3 Ways Music Affects the Brain to Make You Happier

I always thought that music make me happier but I didn’t know why. I have been reading a lot about the physiological effects of music lately and came across some interesting discoveries. So I made a list of 3 ways music affects the brain to make us happier. I hope you find it as interesting as I did.

  1. Dopamine – It has been scientifically proven that at the moments before a climax in music or when you feel chills when listening to a song, the brain releases dopamine. Dopamine gives us the feeling of reward and it is often felt before getting high or to motivate us to find food or shelter.   Lucas Reilly writes —

    About 50 percent of people get chills when listening to music . . . because music stimulates an ancient reward pathway in the brain, encouraging dopamine to flood the striatum—a part of the forebrain activated by addiction, reward, and motivation. Music, it seems, may affect our brains the same way that sex, gambling, and potato chips do.” (Reilly, Lucas. “Why Does Music Give Us Chills?” Mental Floss. 02 Aug 2016. Web. 06 Dec 2016.)

  2. ProlactinProlactin is a hormone that aids relief to us when we are feeling sad; therefore, sometimes when we are listening to sad music one may actually feel better afterwords. I found an interesting article below on this very topic:

    Research has suggested that sad music plays a role in emotional regulation. It evokes pleasant emotions such as bliss and awe, along with sadness, and is more likely than happy music to arouse the intensely pleasurable responses referred to as “chills.” Accompanied by the release of . . . prolactin, associated with social bonding and nurturance, sad music can facilitate recovering positive mood.” (Batcho, Krystine I. Ph.D, “Why We Love Sad Songs.” Batcho, Krystine I. Ph.D, “Why We Love SadSongs.” Psychology Today,05 Jan. 2015. Web. 06 Dec. 2016, 05 Jan. 2015. Web. 06 Dec. 2016)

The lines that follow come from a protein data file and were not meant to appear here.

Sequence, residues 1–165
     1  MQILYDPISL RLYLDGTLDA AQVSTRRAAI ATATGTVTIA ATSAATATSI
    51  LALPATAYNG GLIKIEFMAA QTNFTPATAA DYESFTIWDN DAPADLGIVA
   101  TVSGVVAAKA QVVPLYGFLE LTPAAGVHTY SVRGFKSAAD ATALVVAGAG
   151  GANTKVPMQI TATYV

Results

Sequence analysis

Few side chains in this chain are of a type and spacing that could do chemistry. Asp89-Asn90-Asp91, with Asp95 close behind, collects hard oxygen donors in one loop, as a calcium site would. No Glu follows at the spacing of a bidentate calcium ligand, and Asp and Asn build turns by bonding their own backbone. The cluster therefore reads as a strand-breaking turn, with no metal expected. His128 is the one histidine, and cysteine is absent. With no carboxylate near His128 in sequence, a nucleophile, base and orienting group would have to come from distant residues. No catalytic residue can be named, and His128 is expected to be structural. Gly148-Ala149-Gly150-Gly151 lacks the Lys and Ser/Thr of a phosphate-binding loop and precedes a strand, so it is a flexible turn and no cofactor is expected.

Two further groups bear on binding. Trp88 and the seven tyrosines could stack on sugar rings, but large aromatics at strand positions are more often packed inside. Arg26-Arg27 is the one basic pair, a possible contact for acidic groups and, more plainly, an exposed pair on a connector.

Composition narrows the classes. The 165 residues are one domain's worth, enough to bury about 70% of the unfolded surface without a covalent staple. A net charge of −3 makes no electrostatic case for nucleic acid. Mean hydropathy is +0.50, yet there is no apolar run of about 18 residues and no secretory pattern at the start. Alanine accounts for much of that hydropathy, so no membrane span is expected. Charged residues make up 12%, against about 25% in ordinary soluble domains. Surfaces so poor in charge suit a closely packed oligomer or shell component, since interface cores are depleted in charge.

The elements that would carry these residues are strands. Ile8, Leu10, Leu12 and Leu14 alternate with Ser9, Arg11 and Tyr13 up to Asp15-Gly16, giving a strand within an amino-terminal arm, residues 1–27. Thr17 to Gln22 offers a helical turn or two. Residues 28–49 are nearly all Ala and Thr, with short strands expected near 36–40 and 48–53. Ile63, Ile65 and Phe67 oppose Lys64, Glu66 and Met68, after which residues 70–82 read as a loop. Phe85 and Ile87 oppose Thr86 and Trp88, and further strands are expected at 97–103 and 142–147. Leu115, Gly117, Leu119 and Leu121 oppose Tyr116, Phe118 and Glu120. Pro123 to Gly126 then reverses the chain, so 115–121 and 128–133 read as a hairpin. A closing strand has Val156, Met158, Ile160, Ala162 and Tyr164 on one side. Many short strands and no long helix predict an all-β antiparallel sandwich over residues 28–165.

3. Endorphins – Listening to music itself doesn’t seem to produce endorphins but singing, dancing, and playing air guitar does. Also bonding with others while doing these activities is like receiving a double shot of positive vibes. Endorphins reduce our perception of pain and stress. Here is what a study at Oxford observed:

    We show that singing, dancing and drumming all trigger endorphin release (indexed by an increase in post-activity pain tolerance).” (Department of Experimental Psychology, University of Oxford, Oxford OX1 3UD, UK. [email protected]. “Performance of music elevates pain threshold and positive affect: implications for the evolutionary function of music.”, NCBI, 22 Oct. 2012. Web. 06 Dec. 2016.)


As technology develops, we can see clearer how music effects brain. From a historical perspective, music is such an ancient bond that has been passed down through countless generations. Some say music is not necessary for survival, but based on the physiological affects it has on us, maybe it is necessity.


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For fun, I put my songs up to the chemical brain test. Here is what songs I think create what chemicals. What do you think?


Rescue Car: Endorphins (fast lots of energy, makes me want to dance)

Unseen: Dopamine (Lots of build ups)

Words: Endorphins (fast lots of energy, makes me want to dance)

Modern Life: Prolactin (Personal and somewhat sad)

Say What You Mean: Prolactin (Personal and somewhat sad)


You can buy these songs on this album “Modern Life” here: